THE FOUR CHAPTERS OF THE BANKRUPTCY CODE AVAILABLE TO INDIVIDUAL CONSUMER DEBTORS
CHAPTER 7-This bankruptcy chapter is designed for debtors in financial difficulty who do not have the ability to pay their existing debts. Debtors whose debts are primarily consumer debts are subject to a "means test" designed to determine whether the case should be permitted to proceed under Chapter 7. If your income is greater than the median income for your state of residence and family size, in some cases, the United States trustee (or bankrutpcy administrator), the trustee, or creditors have the right to file a motion requesting that the court dismiss your case under subsection 707(b) of the Code. It is up to the court to decide whether the case should be dismissed.
Under Chapter 7, you may claim certain of your property as exempt under the bankruptcy code. Meaning that you can keep personal and real property valued up to certain amounts. A bankruptcy trustee may have the right to take possession of and sell the remaining property that is not exempt and use the sale proceeds to pay your creditors.
The purpose of filing a Chapter 7 bankruptcy case is to obtain a discharge of your exisiting debts. Meaning that you would no longer legally be responsible for these obligations.
You should be aware that some particular debts are not discharged under the law. Therefore, you may still be responsible for most taxes and student loans; debts incurred to pay nondischargeable taxes; domestic support and property settlement obligations; most fines, penalties, forfeitures, and criminal restitution obligations; certain debts which are not properly listed in your bankruptcy petition; and debts for death or personal injury caused by operating a motor vehicle, vessel, or aircraft while intoxicated from alcohol or drugs. Alsol, if a creditor can prove that a debt arose from fraud, breach of fiduciary duty, or theft, or from a willful and malicious injury, the bankruptcy court may determine that the debt is not discharged.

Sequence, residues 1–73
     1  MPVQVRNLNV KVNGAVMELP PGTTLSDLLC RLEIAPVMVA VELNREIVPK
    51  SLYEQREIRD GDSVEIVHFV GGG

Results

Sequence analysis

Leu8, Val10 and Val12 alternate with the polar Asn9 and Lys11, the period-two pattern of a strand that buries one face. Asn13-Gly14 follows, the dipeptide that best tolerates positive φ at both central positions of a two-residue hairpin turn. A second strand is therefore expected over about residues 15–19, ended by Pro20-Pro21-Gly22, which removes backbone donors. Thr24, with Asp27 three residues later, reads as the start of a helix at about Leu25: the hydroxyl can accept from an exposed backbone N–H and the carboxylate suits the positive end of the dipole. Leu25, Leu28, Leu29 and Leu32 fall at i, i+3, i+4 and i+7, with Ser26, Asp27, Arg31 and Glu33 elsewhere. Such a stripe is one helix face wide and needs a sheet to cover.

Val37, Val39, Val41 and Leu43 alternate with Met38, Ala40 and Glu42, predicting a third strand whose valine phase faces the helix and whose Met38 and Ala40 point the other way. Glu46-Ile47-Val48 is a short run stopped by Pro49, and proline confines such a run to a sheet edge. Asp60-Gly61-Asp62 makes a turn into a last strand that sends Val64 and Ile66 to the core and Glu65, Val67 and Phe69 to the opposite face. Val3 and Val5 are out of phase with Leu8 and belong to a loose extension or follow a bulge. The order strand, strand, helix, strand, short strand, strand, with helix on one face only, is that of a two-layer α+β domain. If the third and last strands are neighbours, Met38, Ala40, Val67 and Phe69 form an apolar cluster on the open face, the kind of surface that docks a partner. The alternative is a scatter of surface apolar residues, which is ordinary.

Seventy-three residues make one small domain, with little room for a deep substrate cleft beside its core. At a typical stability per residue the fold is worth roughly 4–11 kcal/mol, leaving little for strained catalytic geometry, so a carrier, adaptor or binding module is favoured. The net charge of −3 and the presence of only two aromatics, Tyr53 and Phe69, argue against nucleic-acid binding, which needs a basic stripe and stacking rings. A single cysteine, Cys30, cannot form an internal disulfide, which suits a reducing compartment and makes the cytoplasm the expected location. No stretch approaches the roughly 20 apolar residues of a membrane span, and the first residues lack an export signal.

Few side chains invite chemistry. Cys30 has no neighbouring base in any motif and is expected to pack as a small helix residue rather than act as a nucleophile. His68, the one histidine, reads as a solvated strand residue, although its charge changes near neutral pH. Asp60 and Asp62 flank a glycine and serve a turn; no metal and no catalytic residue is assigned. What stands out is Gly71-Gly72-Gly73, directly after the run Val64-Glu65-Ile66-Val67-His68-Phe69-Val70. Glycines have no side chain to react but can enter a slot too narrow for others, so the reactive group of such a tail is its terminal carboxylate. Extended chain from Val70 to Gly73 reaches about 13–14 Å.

CHAPTER 13-This bankruptcy chapter is designed for individuals with regular income who would like to pay all or part of their debts in installments over a period of time. You are eligible for a Chapter 13 case if your debts do not exceed certain dollar amounts set forth in the Bankruptcy Code.
Under Chapter 13, you must file with the court a plan to repay your creditors all or part of the money that you owe them, using your future earnings. This period allowed by the court to repay your debts may be three years or five years, depending upon your income and other factors. The court must approve your plan before it can take effect.
After completing the payments under your plan, your debts are generally discharged except for domestic support obligations; most student loans; certain taxes; most criminal fines and restitution obligations; certain debts which are not properly listed in your bankruptcy papers; certain debts for acts that caused death or personal injury; and certain long term secured obligations.
CHAPTER 11-A Chapter 11 case is designed for the reorganization of a business but is also available to consumer debtors. These type of court filings are very complicated matters that would have to be discussed in detal with one of our attorneys.
CHAPTER 12-Chapter 12 is designed to permit family farmers and fishermen to repay their debts over a period of time from future earnings and is similiar to Chapter 13. The eligibility requirements are restrictive, limiting its use to those whose income arises primarily from a family-owned farm or commercial fishing operation.
CREDIT REPAIR-Sometimes a bankruptcy filing can be avoided. This depends on the amount of debt, income level, and if the creditors are willing to negotiate settlements on these debts. Also, some court cases can be won by the debtor despite the fact, that the debt is his/hers. One of our attorneys would be glad to discuss your options to resolve your debt problems.
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